In non-cyber policies, like traditional property, general liability, and errors and omissions policies, the most important cyber risk design element is the exclusion, to manage the “silent cyber” coverage under those policies and shift coverage to cyber policies. There is also an emerging trend, at least in the property insurance market, of a cyber coverage sublimit that, in effect, gives back part of the coverage for cyber risks that would otherwise be excluded, similar to the flood sublimits in commercial property programs.

Rapid iteration of pricing and forms. One very important way for insurers to manage uncertainty is to pay close attention to the results under their current book of policies and then to regularly and rapidly update policy forms and prices based on that information. Leib says


become increasingly less relevant for future pricing. But that’s a tradeoff that allows insurers to venture into the unknown. Rate and form regulation complicate that rapid iteration, so cyber policies typically are issued in the surplus lines market, which is largely exempt from that regulation.

Updating traditional policies, which are subject to that rate and form regulation, is more cumbersome. As a result, fine tuning the approach to the silent cyber coverage in a traditional policy will take longer than fine tuning a cyber policy. As a corollary, explicit grants of cyber cover will remain largely the province of cyber policies, at least for now, except perhaps in the large commercial market, where regulation is less intrusive because regulators expect that brokers and risk managers generally provide adequate protection for policyholders.

Limits management and reinsurance. For insurers, limits management and reinsurance are two different, but highly complementary strategies for managing uncertainty. Limits management is a complicated topic that perhaps can best be explained by identifying the key moving parts: the amount of the cover provided to any particular customer against any

particular set of risks; the amount of cover provided to each customer segment against a set of risks; the amount of cover provided overall against a set of risks; and the relationship of all these things to the other risk and customer segments of the insurer. The most complicated parts include assessing the relative risks of different customer sectors and assessing the potential for aggregation (in other words, lots of claims all at the same time) within and across sectors. Reinsurance is a complementary strategy, because reinsurance contracts can be crafted to share or cap the insurer’s exposure on a customer, customer segment, product segment, or company wide basis (and other ways as well).

Reinsurers need their own limits management strategy, too. They need to decide how much cover they’re willing to provide to any particular insurer against any particular set of risks. They need to segment their insurer customers. And they need to track and manage their

exposure, not only on an insurer by insurer, segment by segment, and product line by product line basis, but also according to their exposure to specific large policyholder companies (which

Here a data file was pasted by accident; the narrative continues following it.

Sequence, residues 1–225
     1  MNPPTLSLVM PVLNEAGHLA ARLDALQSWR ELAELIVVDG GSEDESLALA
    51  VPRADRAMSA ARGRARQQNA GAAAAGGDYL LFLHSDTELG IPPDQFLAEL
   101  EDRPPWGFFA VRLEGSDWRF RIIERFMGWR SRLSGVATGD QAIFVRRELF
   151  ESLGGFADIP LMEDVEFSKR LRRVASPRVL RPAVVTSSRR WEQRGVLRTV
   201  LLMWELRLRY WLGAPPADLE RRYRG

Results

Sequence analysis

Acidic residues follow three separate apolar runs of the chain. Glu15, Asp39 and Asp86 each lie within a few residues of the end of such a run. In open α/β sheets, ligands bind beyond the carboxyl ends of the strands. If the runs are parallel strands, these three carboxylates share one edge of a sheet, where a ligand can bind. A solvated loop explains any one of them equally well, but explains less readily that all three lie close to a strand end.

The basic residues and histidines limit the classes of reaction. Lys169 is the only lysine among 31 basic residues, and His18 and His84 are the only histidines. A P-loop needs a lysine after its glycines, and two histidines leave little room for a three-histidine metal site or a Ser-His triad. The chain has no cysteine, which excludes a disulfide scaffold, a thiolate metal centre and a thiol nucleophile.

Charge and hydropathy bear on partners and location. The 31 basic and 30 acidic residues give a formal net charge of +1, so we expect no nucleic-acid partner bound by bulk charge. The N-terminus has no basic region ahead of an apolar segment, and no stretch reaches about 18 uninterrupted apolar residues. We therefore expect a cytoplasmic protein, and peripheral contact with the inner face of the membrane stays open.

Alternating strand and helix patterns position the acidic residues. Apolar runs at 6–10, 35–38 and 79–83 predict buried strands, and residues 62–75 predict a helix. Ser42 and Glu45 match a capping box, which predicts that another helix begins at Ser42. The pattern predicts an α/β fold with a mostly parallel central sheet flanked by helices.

buy towers of insurance from multiple insurance companies), on both the liability and asset sides of their balance sheet.

Not surprisingly, reinsurers are highly focused on the uncertainties of cyber risks. They and their vendors are building tools to track and model cyber risks. They are engaging with technical experts to understand and assess cyber risk, especially from an aggregation

perspective. And, so far at least, they are selling cyber reinsurance only on a quota share basis, meaning that they share a fixed percentage of the reinsured risk with the ceding insurer from the first dollar all the way up to the limit of the reinsurance contract. Reinsurers are not yet willing to sell cyber reinsurance on an excess of loss basis (a form of reinsurance in which the reinsurer pays all or a share of losses after the ceding insurer pays a certain amount) because they are not prepared to reinsure only the (more uncertain) right tail of the loss distribution.

Claims disputing. Almost nobody in the insurance industry likes to talk much about claims disputing. But claims disputing can be an important uncertainty management tool. Claims disputing provides the opportunity for a deeper dive into the circumstances of a big loss than would otherwise generally be the case, generating knowledge that has the potential to inform underwriting and contract design. Claims disputing also clarifies the meaning of insurance policies and, thus, the boundary of the risk transfer. This has been especially important for silent cyber, and the current litigation regarding war exclusions in cyber policies suggests that claim disputing will help define the boundaries of the risk transfer under cyber policies as well.

Public sector backstops and pools. The litigation over the application of the war exclusion points to my final category: public backstops and pools. The concern underlying the war exclusion litigation is that state-sponsored or state-encouraged cyber attacks differ from ordinary cyber attacks in at least two important ways.


hard not to disrupt the business; where the objective is ransom, the perpetrator needs to provide credible evidence that the disruption can be undone, or the business will not pay the ransom. By contrast, state sponsored or encouraged cyber attacks are more like terrorism: the objective is permanent destruction, greatly increasing the business interruption loss, the costs of rebuilding the system, and the data restoration loss.

Second, state sponsored or encouraged cyber attacks are more likely to be directed to cause maximum destruction, shutting down essential services, or replicating on a massive scale. This raises concerns about loss aggregation, which, as we learned from the impact of the

terrorist attack of 9/11 on life and workers compensation insurers, can affect insurers in unforeseen ways.

These differences suggest that there may be a role for the public sector in arranging financial backstops or pools for at least some cyber risks. While it’s too early to identify the precise justification for this kind of arrangement, candidates include the destructive impact of a massively aggregated loss on insurer capital, the fairness of using public funds for projects that benefit society as a whole, the social security provided by having a backstop in place, and the potential consideration that the insurance industry could be asked to provide to the

government in return for these arrangements, such as cyber event data and cooperation in disseminating best practices.